This is the basic finding the Pew Charitable Trusts’ report on the financial situation of “Generation X” (“Gen X”), which it defines as all Americans born between 1965 and 1980. Generational designations are really kind of arbitrary—why does Gen X only get 15 years?—and mobility studies often ask their readers to accept silly assumptions. . . . → Read More: ‘Generation X’s’ Income High, But Debts Even Higher
One of the most questionable changes to the Bankruptcy Code in the 2005 Bankruptcy Abuse Prevention and Consumer Protection Act (BAPCPA) was to extend the “undue hardship” standard to discharging private student loans. For New York bankruptcy, this meant that irrespective of who the lender was student debts were basically permanent. Fortunately, for federal . . . → Read More: CFPB Calls For Modest Bankruptcy Reform for Private Student Loans
Partner and Brooklyn bankruptcy attorney Bruce Weiner successfully won yet another “complex” case involving claims and counterclaims. Read the judge’s decision here.
His client, the creditor, sold a house to the debtor with a balloon mortgage. When it came time to pay, the debtor couldn’t come up with the money. The creditor started a foreclosure . . . → Read More: Bruce Weiner Successfully Defends Creditor In Another Complicated Bankruptcy Proceeding
Most of the time, people in debt are warned about debt settlement or credit rehabilitation scams, both of which can cost force them to file New York bankruptcy. However, there are many other ways con artists try to get honest people, one of which is especially troublesome since the housing bubble burst several years . . . → Read More: How Do Loan Modification Scams Work?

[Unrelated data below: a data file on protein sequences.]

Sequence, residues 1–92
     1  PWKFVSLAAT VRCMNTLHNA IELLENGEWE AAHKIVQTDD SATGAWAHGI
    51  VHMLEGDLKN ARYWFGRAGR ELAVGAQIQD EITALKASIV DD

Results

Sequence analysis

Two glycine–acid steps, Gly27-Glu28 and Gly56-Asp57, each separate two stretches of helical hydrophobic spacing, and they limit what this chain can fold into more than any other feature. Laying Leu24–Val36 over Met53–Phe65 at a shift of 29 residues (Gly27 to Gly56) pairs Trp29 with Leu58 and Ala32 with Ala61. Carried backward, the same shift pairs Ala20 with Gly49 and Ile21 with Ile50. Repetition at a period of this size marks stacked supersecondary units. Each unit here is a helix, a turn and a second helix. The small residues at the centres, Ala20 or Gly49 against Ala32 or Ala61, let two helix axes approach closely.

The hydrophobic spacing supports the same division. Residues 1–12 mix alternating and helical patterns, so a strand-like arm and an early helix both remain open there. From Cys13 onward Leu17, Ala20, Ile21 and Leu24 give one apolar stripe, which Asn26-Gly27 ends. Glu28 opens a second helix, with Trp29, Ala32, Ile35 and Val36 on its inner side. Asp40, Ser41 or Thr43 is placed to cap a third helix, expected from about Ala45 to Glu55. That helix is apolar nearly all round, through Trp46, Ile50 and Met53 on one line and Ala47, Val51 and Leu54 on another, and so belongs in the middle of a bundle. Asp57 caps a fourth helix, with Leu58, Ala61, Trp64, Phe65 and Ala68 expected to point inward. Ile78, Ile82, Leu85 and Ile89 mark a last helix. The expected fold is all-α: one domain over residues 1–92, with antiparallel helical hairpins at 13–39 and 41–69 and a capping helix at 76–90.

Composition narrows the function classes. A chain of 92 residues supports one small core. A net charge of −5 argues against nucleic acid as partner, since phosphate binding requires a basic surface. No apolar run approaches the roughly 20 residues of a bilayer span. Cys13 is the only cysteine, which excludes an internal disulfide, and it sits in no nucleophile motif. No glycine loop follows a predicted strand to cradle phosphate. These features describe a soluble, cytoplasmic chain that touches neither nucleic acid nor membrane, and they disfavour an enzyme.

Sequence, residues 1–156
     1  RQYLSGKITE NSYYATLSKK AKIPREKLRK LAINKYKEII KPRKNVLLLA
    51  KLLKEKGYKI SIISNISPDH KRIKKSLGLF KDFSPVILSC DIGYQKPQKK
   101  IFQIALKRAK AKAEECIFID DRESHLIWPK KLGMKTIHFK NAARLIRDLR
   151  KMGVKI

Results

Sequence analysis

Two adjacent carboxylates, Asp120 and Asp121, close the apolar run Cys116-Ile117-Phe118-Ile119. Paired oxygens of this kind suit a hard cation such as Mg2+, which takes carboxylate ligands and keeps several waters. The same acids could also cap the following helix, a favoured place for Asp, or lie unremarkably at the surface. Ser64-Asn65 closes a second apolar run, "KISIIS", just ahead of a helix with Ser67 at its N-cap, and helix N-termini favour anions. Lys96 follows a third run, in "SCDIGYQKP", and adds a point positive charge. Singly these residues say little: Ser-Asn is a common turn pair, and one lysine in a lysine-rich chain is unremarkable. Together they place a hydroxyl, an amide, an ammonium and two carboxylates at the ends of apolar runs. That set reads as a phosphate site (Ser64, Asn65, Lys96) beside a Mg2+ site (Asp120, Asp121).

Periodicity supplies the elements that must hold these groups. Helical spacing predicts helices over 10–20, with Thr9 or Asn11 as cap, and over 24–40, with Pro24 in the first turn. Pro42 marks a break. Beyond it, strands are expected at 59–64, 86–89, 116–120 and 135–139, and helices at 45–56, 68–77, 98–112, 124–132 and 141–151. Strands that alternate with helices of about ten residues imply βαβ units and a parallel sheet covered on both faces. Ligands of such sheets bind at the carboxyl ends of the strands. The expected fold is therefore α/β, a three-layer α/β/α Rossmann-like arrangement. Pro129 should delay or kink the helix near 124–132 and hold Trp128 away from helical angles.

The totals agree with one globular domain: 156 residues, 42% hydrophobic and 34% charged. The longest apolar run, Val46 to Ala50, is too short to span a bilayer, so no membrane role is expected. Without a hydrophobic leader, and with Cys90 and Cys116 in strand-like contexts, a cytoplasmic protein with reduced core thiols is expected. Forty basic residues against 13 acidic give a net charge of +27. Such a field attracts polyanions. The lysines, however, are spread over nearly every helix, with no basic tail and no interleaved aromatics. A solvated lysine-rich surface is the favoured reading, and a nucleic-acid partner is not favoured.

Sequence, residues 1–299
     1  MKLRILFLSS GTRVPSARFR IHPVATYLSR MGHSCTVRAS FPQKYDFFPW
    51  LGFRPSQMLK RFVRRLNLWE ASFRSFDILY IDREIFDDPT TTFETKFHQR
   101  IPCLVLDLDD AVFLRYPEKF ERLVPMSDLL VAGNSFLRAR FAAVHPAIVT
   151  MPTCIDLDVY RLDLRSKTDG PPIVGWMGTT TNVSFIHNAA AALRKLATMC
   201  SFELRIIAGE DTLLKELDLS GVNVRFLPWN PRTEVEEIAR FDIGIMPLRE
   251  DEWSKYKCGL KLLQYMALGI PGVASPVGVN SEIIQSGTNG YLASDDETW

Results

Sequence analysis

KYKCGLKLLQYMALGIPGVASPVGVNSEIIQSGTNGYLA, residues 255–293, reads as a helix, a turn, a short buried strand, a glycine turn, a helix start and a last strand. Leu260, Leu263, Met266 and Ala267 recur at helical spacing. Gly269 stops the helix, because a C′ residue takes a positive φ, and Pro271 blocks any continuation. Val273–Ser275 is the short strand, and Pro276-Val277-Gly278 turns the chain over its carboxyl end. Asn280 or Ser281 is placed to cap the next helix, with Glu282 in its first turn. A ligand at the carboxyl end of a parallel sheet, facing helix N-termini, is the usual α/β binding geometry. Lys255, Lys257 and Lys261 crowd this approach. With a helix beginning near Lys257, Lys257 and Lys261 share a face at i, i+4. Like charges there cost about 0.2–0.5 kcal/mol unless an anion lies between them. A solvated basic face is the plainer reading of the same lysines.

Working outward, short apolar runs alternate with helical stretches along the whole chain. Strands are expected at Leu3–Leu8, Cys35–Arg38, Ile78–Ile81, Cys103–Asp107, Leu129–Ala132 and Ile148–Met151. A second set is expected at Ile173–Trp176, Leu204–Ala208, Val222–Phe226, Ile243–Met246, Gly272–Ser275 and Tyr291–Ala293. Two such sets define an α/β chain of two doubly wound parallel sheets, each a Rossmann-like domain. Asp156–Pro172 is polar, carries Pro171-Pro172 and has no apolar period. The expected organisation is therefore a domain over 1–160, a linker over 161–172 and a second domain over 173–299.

Chapter 13 New York bankruptcy can be a more flexible way to get a fresh start than chapter 7 or chapter 11, but debtors might be concerned that it’s hard to meet the requirements to file. On the contrary, the requirements for filing in chapter 13 are light. They’re mostly confined to 11 U.S.C. . . . → Read More: Qualifying for Chapter 13 Bankruptcy Is Very Easy
If you are considering filing New York bankruptcy, you might have heard of a program called the Earned Income Tax Credit (EITC), and you may be curious if it can help you instead. Chances are it can. The EITC is a mid-1970s policy enacted by Congress that’s designed to help American workers stay above . . . → Read More: The Earned Income Tax Credit Can Keep You Afloat and Out of Bankruptcy
Chapter 7 New York bankruptcy is usually used by people with significant unsecured debts and little reliable income to repay them. Homeowners filing chapter 7 usually intend to stay in their homes or at most discharge a mortgage deficiency after selling them. Sometimes a domestic partner is eligible for chapter 7 because he or . . . → Read More: Chapter 7 Discharge and Mortgage Payments
One reason people file New York bankruptcy is to avail themselves of the automatic stay to halt a foreclosure. Indeed, a well-timed filing can save a house, particularly if debtors are willing to commit to a chapter 13 plan that can allow them to cure defaults and resume their regular payments. However, for debtors . . . → Read More: Filing Bankruptcy Just to Halt a Foreclosure Can Have Drawbacks
It’s widely acknowledged that student loans are an obstacle in New York bankruptcy, but there are unusual times when student loan debts can help debtors choose the chapter they wish to file in. For higher-income debtors it’s usually harder to file in chapter 7 because their incomes exceed the median for families in their . . . → Read More: Student Loans As a ‘Special Circumstance’ to Stay in Chapter 7
The issue of military security clearance for New York bankruptcy debtors came up recently. It’s one of the many situations in which bankruptcy can give workers anxiety. This post will try to further assuage those anxieties by discussing a few ways the law protects workers who file bankruptcy, particularly those employed with governmental units.
. . . → Read More: Employers Can’t Discriminate Against Bankruptcy Debtors